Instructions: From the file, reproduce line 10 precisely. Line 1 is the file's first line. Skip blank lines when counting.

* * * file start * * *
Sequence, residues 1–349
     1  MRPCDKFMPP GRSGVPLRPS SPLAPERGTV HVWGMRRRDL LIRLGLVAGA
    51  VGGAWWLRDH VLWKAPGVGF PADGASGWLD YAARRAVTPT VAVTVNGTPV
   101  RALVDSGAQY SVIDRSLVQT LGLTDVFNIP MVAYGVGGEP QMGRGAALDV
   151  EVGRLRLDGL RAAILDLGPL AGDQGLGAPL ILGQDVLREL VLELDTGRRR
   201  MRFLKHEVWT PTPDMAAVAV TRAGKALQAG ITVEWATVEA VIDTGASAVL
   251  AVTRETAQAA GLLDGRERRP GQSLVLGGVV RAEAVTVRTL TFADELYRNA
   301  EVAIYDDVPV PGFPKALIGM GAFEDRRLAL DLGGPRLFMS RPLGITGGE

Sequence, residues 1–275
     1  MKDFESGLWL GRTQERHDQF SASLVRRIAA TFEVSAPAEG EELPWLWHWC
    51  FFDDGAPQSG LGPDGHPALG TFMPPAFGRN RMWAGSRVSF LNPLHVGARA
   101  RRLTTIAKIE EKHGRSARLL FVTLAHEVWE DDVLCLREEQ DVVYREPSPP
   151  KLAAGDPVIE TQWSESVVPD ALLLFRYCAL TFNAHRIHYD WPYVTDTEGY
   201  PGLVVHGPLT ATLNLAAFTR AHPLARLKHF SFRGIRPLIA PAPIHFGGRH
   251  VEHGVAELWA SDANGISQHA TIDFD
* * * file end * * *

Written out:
     1  MKDFESGLWL GRTQERHDQF SASLVRRIAA TFEVSAPAEG EELPWLWHWC